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THE MEANING OF YOUR POLISH LAST NAME, SURNAME?


Eurola Activity: 5 / 1,933
Joined: 2 Dec 2006 ♀
 
30 Jul 2010  #1,021

Stolarz is easy, it is a word. Mastej..not. Event if taking the syllables apart. Dos not seem to mean anything. Are you sure it is not abbreviated from something also? Some letters taken out at Ellis Island..I don't know.
EsotericForest Activity: 3 / 44
Joined: 6 Sep 2009 ♂
 
30 Jul 2010  #1,022

Well yes, Stolarz is a word so it is a bit easier, but I was just saying I have pretty much ZERO luck tracking my genealogy with that surname. Other than information I already know, I haven't been able to find any other information.

As for the name Mastej, the story is (And I did look it up on Ellis Island) that the name when my great grandfather Jacob lived in Poland was Mastej, but when they came into the Ellis Island, they told them to change the spelling to Masti so it would be easier for other Americans to understand. They've since changed it back to the original spelling of Mastej however. So as far as I know, Mastej should actually be the original spelling...unless of course Mastej wasn't the original spelling either haha.
johnmicheal1190 Activity: - / 1
Joined: 30 Jul 2010 ♂
 
30 Jul 2010  #1,023

Geographical Surnames (Place Names) - The most common type of Polish surname, these Polish last names are derived from the location of the homestead from which the first bearer and his family lived. In the case of nobility, the surnames were often taken from the names of their estates. Other place names which were adapted into surnames include towns, countries, and even geographical features. While you might think that such surnames could lead you to your ancestral village, that isn't often the case with Polish surnames because so many places in Poland had the same name, changed names or disappeared in the centuries since the surnames developed, or were subdivisions of a local village or estate too small to be found on a gazetteer or map. Surnames ending in - usually derive from place names ending in -y, -ow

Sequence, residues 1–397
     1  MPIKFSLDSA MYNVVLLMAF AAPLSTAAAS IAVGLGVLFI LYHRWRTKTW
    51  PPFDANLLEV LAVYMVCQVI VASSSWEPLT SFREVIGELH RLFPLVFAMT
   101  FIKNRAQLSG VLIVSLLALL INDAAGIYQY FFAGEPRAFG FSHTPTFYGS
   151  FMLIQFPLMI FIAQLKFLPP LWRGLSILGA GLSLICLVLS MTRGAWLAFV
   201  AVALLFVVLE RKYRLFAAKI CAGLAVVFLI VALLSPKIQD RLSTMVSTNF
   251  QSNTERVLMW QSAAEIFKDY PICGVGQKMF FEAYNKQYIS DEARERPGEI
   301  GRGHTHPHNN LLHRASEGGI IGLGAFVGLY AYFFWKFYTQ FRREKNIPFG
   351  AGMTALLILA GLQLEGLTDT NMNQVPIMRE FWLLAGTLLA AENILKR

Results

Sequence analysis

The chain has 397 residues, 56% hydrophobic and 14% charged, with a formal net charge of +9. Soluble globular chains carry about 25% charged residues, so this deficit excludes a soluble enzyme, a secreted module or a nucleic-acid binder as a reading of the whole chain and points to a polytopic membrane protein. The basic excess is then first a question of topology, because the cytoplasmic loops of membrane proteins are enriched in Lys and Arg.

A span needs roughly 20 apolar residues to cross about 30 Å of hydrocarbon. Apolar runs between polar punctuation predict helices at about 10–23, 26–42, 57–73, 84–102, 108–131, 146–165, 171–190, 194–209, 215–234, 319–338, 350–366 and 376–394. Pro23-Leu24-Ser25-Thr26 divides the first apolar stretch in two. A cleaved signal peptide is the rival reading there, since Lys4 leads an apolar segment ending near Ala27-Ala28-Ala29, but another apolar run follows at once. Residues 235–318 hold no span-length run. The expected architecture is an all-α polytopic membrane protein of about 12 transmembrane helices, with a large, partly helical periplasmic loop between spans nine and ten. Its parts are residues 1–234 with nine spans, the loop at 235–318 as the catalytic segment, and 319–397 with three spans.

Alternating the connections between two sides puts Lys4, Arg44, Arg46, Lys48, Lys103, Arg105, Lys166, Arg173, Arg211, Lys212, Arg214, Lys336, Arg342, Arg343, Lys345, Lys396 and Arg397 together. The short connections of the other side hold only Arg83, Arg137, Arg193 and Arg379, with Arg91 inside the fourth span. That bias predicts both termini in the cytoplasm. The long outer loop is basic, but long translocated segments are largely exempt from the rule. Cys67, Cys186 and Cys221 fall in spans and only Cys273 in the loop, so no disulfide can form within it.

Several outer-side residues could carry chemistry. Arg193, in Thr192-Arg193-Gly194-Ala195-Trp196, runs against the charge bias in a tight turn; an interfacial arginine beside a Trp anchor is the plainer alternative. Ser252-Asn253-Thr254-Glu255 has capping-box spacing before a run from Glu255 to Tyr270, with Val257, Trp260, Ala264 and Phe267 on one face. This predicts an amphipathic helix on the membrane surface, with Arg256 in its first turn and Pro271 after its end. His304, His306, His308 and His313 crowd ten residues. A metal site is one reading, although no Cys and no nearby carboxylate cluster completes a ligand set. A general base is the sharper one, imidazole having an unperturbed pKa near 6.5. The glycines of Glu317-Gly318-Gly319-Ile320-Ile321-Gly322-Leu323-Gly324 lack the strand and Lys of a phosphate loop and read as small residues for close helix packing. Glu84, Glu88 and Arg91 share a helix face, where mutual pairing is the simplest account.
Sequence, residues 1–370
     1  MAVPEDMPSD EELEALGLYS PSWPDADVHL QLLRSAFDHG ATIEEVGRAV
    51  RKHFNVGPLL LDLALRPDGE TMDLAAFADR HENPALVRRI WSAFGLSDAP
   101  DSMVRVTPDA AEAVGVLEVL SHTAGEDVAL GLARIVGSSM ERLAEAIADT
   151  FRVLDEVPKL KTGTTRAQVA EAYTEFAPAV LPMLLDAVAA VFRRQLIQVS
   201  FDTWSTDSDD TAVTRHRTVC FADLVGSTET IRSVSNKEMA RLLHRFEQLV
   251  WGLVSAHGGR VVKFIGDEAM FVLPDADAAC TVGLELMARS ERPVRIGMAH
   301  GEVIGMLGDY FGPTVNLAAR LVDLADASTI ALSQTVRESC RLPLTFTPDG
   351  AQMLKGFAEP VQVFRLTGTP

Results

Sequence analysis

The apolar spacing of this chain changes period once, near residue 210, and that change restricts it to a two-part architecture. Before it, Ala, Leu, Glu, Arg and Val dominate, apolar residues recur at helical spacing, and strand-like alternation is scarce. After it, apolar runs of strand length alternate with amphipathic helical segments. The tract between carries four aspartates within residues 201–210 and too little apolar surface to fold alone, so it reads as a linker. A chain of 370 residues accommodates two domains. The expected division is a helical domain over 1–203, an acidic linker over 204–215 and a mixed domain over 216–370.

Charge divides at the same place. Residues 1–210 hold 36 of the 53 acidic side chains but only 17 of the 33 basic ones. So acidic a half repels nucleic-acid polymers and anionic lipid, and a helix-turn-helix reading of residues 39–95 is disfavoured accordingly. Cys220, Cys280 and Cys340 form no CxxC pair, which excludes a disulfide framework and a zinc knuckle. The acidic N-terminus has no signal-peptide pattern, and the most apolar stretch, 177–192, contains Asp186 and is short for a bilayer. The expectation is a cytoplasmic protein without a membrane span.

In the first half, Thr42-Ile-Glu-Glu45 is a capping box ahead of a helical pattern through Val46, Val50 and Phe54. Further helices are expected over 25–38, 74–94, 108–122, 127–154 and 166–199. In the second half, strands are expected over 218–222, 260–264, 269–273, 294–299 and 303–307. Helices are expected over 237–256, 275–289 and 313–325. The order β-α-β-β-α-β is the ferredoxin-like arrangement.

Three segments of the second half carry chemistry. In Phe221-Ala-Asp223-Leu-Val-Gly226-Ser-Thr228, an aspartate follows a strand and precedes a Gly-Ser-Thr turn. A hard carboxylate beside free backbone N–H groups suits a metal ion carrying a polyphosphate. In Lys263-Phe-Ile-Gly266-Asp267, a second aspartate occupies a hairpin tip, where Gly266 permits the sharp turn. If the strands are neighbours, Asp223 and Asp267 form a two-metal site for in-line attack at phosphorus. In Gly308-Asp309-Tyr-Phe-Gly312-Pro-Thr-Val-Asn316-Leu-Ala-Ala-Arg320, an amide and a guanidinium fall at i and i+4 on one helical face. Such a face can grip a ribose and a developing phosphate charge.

Polonius3 Activity: 957 / 7,666
Joined: 11 Apr 2008 ♂
 
30 Jul 2010  #1,024

STOLARZ: cabinet-maker; root-word stół (table)

MASTEJ: (pronounced MAH-stay); root-word probably mast- (indicating oiliness, something greasy). The old adj. mastny meant oily. A relic of that root is the current word maść (ointment, salve). For more details contact me
EsotericForest Activity: 3 / 44
Joined: 6 Sep 2009 ♂
 
30 Jul 2010  #1,025

Alright, awesome. Thanks Polonius3.

Any idea on Banash? Or is it possibly spelled Banach?
Polonius3 Activity: 957 / 7,666
Joined: 11 Apr 2008 ♂
 
30 Jul 2010  #1,026

Banaś, Banach and derivatives Banasiak, Banasiewicz, Banasik, etc. are all traceable to
Banadyk, a peasant dialectic form of the first name Benedykt. Banash would be an atttempt at an English phonetic respelling of Banaś or Banasz. Banasiak, Banasiewicz, and Banasik originated as patronymic nicknames identical in meaning to English Benson (as in Hedges)!
reapper  
31 Jul 2010  #1,027

Please can someone give me a meaning of my last name - Kuta. I need it to make a personalized Japanese Ka-mon

reply at btkuta(at)gmail.com
Polonius3 Activity: 957 / 7,666
Joined: 11 Apr 2008 ♂
 
31 Jul 2010  #1,028

I've already answer this somewhere: kuta can mean a hooded monk's habit or a mosquito.
It is also the feminine of the adjective kuty (shod).
Seanus Activity: 15 / 19,984
Joined: 25 Dec 2007 ♂
 
31 Jul 2010  #1,029

That would be kutas and not kuta ;)
Polonius3 Activity: 957 / 7,666
Joined: 11 Apr 2008 ♂
 
31 Jul 2010  #1,030

The primary meaning of kutas is a tassle at the end of a cord. All other meanings are secondary. What comes to mind is saying of les Frogues: 'Honi soi qui mal y pense!' (Shame to him who's got a filthy mind).
lhoutz  
31 Jul 2010  #1,031

My family was from Ellguth or Ligota Bialski near Radstein.The spelling was GORACZKE, but in the United States the name has been spelled several ways, now Goracke. Can you tell me the meaning, or any other information?
Polonius3 Activity: 957 / 7,666
Joined: 11 Apr 2008 ♂
 
31 Jul 2010  #1,032

If it was orginally GORĄCZKA (pronounced gaw-RUNCH-kah) , that could mean a fever, high tmeperature or heat wave.
EsotericForest Activity: 3 / 44
Joined: 6 Sep 2009 ♂
 
1 Aug 2010  #1,033

Since you've been so helpful to me already. My great grandmothers maiden name was Bil, and she came from Zarzecze Poland. I haven't had any luck finding any information on the surname Bil, and I have a feeling that it got shortened to that when she immigrated. Any idea what the original name could be? Possibly Bilskie, or Bielskie? Or is Bil an actual Polish name that I just have trouble finding for some reason? haha

Any idea on the meaning or origin of it?
ShortHairThug Activity: - / 1,105
Joined: 1 May 2009 ♂
 
1 Aug 2010  #1,034